The second special episode of Ryuu no Haisha (or Dragon Dentist) turned out to be … unexpectedly thought provoking, and even one of those series that sticks in your mind, keeps you thinking about it and about which you realize some things later on after you have watched it. If others (like myself) found themselves “full” after episode two, and perhaps even a little “overwhelmed” by so much happening on the screen, then I would urge you to go back to episode two and watch it again after a period of time when you have been able to get some perspective on it and can somehow “see” a little clearer some of the ideas and themes underneath it’s magnificent exterior.

This, ultimately, is to me a story about … it is hard to say precisely here … one’s … destiny? Fate? Kismet? Perhaps even one’s “lot” in life or one’s “doom” (depending on how one might perceive the content of it). To that extent it is … quite a heavy subject. The dragons in these OVAs in many ways represent, or even outright embody “the will of the Other”, or “the gods”, or what have you. And the story focuses around how human beings … interact with, “use”, respond to, etc., etc. these … realities, or existences. The dragons are a known factor and have always been around in history, being rare, yes, but also being well documented, even up to what appears to be “modern” times – a young woman in an airplane sees one literally EAT a typhoon at the beginning of the episode.

I guess one of the things that is most interesting to me is the fact that there is no question whether or no such things exist (simply because people can see that colossal thing), but it is also true that almost no one (including the priests and the dentists who live on the dragons) know the full ramifications of the dragons themselves. The most they seem to know is in relation with their teeth … or more specifically, a part of the beasts associated with the path humans take after they die. Be this as it may the humans in the OVAs DO definitely know something about the dragons, and there are many, interestingly even among those in the dragon’s service (in this case of the dentists the dragon has chosen) who do not like, agree with or any other similar wide array of negative reactions what the dragons are … about, somehow. And so they … “fight back”.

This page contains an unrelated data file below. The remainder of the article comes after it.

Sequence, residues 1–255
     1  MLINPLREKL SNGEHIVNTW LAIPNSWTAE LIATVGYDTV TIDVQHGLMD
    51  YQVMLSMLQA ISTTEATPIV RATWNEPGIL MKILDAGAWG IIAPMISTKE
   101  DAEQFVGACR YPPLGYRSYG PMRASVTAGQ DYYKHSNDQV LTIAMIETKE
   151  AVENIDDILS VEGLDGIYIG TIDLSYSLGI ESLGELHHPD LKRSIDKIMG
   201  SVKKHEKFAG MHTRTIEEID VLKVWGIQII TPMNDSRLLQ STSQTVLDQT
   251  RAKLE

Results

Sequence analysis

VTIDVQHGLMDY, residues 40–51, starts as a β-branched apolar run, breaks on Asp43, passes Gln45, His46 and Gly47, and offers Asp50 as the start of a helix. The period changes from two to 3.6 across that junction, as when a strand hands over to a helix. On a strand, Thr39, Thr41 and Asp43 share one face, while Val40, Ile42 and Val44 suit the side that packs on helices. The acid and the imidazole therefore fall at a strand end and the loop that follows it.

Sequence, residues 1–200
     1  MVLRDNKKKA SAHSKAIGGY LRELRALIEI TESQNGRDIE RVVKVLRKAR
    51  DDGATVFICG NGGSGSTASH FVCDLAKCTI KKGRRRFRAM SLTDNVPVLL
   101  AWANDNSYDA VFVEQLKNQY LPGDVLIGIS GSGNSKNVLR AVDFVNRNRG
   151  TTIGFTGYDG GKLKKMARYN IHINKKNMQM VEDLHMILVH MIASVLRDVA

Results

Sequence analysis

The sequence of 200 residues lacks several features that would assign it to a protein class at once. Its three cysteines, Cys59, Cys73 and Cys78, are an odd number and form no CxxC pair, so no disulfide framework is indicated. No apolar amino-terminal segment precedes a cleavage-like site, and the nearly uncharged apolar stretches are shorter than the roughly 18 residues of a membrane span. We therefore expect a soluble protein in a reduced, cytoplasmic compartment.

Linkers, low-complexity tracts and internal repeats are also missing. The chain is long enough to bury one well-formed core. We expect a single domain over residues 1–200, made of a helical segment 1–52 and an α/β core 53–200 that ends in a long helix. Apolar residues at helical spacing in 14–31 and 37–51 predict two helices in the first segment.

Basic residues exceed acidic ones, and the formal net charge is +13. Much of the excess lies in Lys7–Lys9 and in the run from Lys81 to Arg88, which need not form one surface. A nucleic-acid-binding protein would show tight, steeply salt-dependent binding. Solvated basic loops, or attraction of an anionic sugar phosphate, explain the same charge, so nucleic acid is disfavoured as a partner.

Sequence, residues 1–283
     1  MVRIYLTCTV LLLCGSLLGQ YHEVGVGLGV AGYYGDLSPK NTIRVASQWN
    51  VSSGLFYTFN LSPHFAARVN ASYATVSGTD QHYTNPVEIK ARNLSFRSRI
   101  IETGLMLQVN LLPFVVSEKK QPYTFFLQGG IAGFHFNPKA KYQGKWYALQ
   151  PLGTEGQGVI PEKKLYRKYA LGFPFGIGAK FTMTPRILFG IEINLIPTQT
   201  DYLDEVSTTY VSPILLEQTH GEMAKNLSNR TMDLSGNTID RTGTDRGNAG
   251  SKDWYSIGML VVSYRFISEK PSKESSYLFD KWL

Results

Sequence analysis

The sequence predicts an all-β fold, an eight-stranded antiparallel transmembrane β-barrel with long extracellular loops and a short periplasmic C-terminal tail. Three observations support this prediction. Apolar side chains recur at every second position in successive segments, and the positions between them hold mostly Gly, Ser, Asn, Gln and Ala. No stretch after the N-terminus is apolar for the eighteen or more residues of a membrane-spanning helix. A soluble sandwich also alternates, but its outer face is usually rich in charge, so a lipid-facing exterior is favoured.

The two Dragon Dentist specials are largely a chronicle of one focused attempt at “resisting one’s destiny”, in a way – and in doing so an unlikely alliance is formed between a dragon dentist who simply cannot accept how something has turned out and has allowed herself to become a being that is the “achilles heel” to the beings that the dragons are, and also a ruthless man from another country who himself seems to be somehow “set apart by fate”. In fact, this very soldier was the one who murdered Bell – the lead male character who emerged from the teeth of the dragon in episode 1 and himself became a dragon dentist even though he was from another country under the mentorship of the young dentist Nonoko.

The episode itself is largely a portrayal of the fruits of the rebellion of the “small creatures” that humans are (admittedly though small they can cause extraordinary damage); the dragon is “infiltrated”, taken down through the betraying dragon dentist who has become part cavity mushi, and 99% of the soldiers of the two armies killing each other on the ground below have their heads disintegrated by the rampaging “something or other” that emerges from the wound in the dragon’s teeth caused by the betrayer. But it is only for a while, as Bell steps forward and moves the tiny lever that sets everything in motion to return to normal through the sacrifice of his own life (unbeknownst to Nonoko, who is elsewhere at the time).